Since admitting it circumvented federal pollution standards on more than 11 million diesel-burning vehicles worldwide, Volkswagen has turned its attention to how it will fix those cars — and keep its customers happy.
In September, Volkswagen acknowledged that it activated pollution-control software on certain diesel vehicles only during government emissions tests. After the tests were performed, the software was turned off, dodging U.S. Environmental Protection Agency emission-control standards.
The EPA, in its initial September 18 notice of violation, alleged that four-cylinder (2.0 liter) Volkswagen and Audi diesel cars from model years 2009 through 2015 include software that circumvents EPA emissions standards. Then on November 2, the EPA issued a second notice of violation to Volkswagen AG, Audi AG, Porsche AG, Volkswagen Group of America, Inc., and Porsche Cars North America, Inc. alleging that certain six-cylinder (3.0 liter) diesel vehicles also include software that circumvents EPA emissions standards.
Since acknowledging that it manipulated diesel vehicles to skirt pollution-control regulations, Volkswagen has faced an onslaught of class-action suits, including several filed by Sommers Schwartz attorneys in Michigan federal courts on behalf of VW diesel owners.
Now, Volkswagen is reportedly focused on fixing the rigged vehicles, which includes nearly a half-million cars in the United States alone. But exactly how will the automaker remedy the problem?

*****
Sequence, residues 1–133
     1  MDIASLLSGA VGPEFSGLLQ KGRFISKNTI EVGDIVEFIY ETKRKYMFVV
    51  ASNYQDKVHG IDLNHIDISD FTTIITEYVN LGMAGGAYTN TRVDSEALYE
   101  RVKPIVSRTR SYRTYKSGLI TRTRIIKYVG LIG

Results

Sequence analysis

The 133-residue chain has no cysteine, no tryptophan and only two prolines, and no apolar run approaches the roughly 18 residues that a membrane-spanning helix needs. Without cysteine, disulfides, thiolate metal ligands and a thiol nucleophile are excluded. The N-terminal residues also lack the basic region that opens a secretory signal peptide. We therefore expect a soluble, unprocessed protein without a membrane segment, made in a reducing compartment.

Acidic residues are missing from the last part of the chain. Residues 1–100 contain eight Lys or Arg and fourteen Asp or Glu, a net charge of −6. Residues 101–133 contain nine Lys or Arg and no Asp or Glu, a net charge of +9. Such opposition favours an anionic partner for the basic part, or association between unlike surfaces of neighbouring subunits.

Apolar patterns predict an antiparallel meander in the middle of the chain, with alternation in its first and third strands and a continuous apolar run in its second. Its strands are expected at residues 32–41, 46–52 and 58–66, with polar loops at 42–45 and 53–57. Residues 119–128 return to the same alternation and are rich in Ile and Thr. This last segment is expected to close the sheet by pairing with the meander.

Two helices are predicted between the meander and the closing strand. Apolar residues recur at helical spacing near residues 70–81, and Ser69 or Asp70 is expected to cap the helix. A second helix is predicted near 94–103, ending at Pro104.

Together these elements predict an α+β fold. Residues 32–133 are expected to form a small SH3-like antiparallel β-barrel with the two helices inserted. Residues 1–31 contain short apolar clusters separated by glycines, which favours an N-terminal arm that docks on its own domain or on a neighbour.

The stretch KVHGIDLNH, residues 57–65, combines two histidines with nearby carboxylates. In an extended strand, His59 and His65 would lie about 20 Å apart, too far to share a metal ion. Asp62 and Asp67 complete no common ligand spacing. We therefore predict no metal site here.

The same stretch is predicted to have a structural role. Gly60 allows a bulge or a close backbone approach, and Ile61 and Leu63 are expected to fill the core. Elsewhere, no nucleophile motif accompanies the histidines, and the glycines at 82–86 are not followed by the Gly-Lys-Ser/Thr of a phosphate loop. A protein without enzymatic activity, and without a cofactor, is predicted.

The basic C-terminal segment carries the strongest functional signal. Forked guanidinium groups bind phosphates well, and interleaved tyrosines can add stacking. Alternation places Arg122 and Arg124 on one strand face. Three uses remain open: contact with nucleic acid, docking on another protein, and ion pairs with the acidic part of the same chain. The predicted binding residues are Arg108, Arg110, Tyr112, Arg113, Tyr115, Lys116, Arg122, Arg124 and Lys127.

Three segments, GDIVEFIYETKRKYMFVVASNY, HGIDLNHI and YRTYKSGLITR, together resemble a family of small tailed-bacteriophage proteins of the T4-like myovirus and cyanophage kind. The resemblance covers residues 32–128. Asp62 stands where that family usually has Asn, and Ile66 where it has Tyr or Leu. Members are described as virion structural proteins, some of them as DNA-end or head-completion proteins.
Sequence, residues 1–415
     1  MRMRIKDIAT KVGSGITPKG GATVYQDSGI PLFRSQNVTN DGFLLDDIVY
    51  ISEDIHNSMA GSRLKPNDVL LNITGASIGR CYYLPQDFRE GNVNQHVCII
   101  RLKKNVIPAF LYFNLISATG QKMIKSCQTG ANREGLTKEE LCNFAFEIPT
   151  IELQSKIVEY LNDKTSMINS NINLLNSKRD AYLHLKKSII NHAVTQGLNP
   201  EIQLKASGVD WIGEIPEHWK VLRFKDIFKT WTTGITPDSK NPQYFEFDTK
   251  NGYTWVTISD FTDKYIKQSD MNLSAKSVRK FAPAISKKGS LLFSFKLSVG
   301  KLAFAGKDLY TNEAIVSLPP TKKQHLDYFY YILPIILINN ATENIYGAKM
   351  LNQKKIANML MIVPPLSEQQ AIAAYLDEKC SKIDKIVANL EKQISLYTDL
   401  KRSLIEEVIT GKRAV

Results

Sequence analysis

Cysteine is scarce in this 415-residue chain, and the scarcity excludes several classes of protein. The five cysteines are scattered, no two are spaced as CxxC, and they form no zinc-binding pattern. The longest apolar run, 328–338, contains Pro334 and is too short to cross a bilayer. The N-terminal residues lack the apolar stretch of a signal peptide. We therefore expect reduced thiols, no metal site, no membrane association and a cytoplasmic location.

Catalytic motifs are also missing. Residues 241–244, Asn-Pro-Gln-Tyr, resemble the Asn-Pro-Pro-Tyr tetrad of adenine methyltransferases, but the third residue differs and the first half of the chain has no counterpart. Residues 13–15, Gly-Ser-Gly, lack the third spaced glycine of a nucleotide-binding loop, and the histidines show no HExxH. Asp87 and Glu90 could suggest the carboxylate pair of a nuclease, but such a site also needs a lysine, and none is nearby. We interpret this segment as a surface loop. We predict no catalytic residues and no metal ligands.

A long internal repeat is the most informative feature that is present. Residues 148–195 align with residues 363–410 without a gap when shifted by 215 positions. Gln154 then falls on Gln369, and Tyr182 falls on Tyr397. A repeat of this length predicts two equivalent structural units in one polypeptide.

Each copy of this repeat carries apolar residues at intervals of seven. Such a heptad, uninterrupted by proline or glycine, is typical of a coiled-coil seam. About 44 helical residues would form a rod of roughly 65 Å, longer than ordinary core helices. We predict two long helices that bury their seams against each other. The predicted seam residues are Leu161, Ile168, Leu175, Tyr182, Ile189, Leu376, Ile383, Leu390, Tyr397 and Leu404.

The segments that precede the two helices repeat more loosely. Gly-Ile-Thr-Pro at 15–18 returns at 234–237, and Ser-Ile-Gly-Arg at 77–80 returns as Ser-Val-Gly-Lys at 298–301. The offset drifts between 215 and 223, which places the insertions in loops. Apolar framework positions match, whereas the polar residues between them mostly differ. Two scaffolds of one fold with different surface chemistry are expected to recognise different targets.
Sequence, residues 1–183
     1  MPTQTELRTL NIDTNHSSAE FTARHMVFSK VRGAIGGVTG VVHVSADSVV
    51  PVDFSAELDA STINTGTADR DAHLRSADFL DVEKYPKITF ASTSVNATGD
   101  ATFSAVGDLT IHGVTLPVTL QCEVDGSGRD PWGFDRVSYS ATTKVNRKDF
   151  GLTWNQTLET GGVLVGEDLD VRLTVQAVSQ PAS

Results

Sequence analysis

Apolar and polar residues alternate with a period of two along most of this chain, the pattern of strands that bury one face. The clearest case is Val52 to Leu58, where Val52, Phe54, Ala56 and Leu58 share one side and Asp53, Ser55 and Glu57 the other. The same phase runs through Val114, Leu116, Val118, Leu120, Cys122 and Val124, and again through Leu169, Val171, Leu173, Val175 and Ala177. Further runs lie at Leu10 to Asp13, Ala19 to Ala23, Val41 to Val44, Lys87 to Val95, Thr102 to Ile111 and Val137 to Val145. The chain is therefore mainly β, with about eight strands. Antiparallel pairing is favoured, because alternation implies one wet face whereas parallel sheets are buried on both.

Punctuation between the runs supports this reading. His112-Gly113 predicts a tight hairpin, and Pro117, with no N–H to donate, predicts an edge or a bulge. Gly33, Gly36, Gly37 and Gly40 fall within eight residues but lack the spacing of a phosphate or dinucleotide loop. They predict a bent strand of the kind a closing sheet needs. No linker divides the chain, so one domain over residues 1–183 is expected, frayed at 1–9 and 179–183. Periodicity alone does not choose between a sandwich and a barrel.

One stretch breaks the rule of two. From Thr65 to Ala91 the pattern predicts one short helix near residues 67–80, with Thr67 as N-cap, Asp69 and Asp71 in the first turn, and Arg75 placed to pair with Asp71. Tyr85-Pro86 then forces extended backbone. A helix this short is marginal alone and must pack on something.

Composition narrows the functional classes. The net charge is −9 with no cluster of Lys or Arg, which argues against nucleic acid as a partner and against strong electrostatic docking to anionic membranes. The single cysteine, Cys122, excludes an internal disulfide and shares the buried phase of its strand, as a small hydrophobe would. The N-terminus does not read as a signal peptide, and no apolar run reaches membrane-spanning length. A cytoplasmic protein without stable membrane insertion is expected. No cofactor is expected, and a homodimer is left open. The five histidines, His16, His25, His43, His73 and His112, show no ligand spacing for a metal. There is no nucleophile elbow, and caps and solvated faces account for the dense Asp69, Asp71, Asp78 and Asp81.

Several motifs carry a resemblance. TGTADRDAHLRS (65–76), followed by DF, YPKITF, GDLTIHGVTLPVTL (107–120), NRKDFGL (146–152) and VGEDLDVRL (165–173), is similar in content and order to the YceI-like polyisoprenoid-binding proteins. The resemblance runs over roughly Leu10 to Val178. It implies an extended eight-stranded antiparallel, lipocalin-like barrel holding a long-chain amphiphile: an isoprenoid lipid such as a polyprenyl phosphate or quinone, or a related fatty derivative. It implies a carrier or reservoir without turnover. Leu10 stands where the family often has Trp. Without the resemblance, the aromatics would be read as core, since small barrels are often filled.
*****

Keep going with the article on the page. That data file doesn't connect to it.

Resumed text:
Auto industry analysts have suggested that Volkswagen will actually need to come up with two solutions that each involve both software and hardware changes. This is because two different emission-control systems were installed on vehicles during the 2009-2015 model years. Only these models are affected because VW first began installing the illegal emissions software in 2008.
According to the Wall Street Journal, the fixes will involve “refitting” vehicles, requiring a change of software as well as hardware changes in older VW models not sold in the United States.
The software change includes an update to the program that controls the 2-liter engine. As a result of the update, VW said it expects that carbon dioxide emissions and fuel consumption will minimally rise. Because of this predicted increase in emissions, industry experts are uncertain whether the software change will fix the problem in the American-owned vehicles, due to more stringent pollution-control standards in the United States than in other countries.
Analysts have cautioned the software changes could leave the vehicles, which have been advertised as “clean diesel” cars, with diminished fuel economy, performance, and resale value. If so, this could create additional customer dissatisfaction with Volkswagen, further tarnishing the company’s reputation with car buyers.
The proposed fixes must be approved before being implemented. Volkswagen had planned to use the month of October to present the solutions to the appropriate authorities, including the EPA and the California Air Resources Board.